Barely competition

Richmond richmondmathewson at
Mon Feb 7 15:25:50 EST 2011

Sorry people, a bit late to the party . . . :)


As soon as I read this:

"Unlike HyperCard, BayCard does not feature a scripting language. In 
place of a scripting language, BayCard features . . . "

I began to feel a bit funny.

I don't know how many Hypercard "alternatives", "replacements", 
"what-have-yous" I trawled
my way through when I started work at the University of St Andrews in a 
Mac OS X lab.

All of them were based on the idea that a programming suite without a 
language was, in some way, "the thing".

If you want to make fancy little doodahs that are little more than 
glorified PPT presentations
this may be "the thing"; rather in the same way as a stack of laminated 
sheets of paper
with symbols of the sort found on toilet doors and adopted by the 
Olympics are for having
cnversations; limiting to the point of acute frustration.

As I don't have an Intel Mac I will not have the 'joy' of testing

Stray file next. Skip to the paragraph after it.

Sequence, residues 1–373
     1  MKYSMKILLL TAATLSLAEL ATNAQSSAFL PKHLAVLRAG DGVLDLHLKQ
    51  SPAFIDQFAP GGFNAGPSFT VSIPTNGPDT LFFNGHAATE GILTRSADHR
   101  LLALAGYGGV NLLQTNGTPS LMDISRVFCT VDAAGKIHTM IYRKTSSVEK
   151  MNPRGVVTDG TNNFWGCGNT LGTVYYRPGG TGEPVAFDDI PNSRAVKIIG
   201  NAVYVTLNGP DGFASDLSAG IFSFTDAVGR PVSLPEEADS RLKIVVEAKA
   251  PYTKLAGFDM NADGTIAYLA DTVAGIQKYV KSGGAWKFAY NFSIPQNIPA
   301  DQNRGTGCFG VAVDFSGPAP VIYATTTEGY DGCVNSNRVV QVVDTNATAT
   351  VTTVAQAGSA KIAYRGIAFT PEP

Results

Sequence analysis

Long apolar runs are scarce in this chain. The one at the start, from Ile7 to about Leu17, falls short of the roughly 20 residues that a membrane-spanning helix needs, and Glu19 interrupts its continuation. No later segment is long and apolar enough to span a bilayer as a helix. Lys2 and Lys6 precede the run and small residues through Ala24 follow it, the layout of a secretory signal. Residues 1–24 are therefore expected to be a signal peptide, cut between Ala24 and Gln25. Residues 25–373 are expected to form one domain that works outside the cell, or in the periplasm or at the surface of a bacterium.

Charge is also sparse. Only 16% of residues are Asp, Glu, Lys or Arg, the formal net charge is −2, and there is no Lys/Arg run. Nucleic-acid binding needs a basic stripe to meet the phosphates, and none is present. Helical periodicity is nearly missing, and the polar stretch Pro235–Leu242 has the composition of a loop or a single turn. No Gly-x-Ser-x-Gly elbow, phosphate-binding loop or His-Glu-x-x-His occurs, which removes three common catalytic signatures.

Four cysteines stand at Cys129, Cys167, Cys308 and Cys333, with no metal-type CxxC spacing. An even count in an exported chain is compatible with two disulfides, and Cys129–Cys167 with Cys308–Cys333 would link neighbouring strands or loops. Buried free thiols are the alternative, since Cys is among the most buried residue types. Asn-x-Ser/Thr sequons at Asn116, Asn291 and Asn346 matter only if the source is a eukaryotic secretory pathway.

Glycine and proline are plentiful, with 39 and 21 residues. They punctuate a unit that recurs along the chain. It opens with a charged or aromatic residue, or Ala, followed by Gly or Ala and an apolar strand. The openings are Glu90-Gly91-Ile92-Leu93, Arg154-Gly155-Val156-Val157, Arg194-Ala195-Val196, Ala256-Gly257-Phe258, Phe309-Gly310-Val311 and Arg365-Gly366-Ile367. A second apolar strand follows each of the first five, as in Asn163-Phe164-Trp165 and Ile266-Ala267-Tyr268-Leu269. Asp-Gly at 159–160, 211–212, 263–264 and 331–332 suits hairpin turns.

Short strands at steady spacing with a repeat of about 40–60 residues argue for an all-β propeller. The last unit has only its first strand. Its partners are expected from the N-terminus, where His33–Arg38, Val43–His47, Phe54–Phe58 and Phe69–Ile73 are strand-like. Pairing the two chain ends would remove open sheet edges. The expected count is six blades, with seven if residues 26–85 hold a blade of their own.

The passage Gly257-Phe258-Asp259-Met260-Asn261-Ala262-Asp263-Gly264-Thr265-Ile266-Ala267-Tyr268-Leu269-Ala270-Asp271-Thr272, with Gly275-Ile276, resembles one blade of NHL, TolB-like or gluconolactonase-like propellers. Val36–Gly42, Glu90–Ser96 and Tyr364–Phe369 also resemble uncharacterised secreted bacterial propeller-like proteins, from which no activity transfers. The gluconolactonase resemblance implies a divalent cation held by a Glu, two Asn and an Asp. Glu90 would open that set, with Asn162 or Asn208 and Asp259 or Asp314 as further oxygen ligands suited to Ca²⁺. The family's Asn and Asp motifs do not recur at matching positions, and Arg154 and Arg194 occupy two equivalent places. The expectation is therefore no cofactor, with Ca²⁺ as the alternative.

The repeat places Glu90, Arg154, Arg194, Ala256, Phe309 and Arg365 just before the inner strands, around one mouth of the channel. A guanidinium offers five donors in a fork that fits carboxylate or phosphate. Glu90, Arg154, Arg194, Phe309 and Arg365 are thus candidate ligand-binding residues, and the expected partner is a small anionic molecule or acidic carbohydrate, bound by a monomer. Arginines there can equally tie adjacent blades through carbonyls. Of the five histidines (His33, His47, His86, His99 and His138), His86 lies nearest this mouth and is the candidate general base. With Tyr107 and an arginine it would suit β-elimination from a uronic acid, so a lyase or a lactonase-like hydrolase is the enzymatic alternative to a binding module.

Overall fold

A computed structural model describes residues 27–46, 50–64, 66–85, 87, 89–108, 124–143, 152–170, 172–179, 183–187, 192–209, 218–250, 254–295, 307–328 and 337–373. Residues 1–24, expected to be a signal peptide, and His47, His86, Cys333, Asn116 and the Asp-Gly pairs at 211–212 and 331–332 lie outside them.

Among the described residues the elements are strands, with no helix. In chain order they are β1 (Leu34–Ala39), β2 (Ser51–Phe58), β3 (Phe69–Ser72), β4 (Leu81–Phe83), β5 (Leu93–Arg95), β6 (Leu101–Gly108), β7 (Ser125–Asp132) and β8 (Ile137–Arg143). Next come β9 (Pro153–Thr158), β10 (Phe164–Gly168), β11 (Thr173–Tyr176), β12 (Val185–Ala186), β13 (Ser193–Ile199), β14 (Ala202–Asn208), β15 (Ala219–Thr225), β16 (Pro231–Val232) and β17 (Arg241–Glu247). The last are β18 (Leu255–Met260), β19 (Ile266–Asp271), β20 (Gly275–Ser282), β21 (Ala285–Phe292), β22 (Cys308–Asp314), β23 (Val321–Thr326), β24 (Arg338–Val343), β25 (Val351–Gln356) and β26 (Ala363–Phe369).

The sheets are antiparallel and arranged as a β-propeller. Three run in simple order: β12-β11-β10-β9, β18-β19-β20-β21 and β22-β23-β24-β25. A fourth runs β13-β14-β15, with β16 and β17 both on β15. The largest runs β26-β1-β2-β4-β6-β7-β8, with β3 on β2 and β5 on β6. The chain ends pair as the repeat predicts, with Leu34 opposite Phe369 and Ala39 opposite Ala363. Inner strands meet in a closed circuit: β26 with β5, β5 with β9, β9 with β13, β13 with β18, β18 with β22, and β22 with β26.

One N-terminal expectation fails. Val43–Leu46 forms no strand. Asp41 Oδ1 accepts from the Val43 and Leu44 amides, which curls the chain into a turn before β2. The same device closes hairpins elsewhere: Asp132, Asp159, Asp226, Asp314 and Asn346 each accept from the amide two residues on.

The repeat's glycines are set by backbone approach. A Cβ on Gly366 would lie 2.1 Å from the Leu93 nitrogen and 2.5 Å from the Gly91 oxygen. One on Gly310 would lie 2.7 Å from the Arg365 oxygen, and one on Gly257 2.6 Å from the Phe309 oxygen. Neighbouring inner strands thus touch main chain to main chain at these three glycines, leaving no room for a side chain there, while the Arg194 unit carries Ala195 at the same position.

Baycard; and it seems that
one cannot test the thing without buying it; a big turnoff.

Pedagogical Rant Follows

There was also an idea trotting around in 2000 (may still be for all I 
know; honestly cannot
be bothered to find out) that these Lego-kit programming suites are a 
good way to teach kids the
basics of programming.

I disagree strongly. I don't know any building engineer who would 
suggest that would-be builders
start their apprenticeship with Lego bricks; while one can make jolly 
nice model houses out of them
one is not really going to learn much about the tensile strength of 
rolled-steel joists from them.

The underlying principles of programming involve an ability to think 
logically and sequentially,
as well as a little bit of mathematics; while one can make the 
equivalent of Lego models from
programming suites composed of clunk-click modules the limitations of 
that way of doing things
will become clear fairly quickly, and one will certainly not learn the 
underpinnings of programming.
In fact it may be fair to say that using that sort of programming TOY 
will only serve to slow down
a child insofar as the "programming model" that is presented by that 
sort of toy will block his/her
understanding of a proper one.

End of Rant

While Baycard may lure away some of the quick-fix, easy-peasy crowd (who 
RunRev have had an uneasy
relationship with anyway) I don't really see how it can impinge on the 
core Livecoders, both current
and future.

More information about the Use-livecode mailing list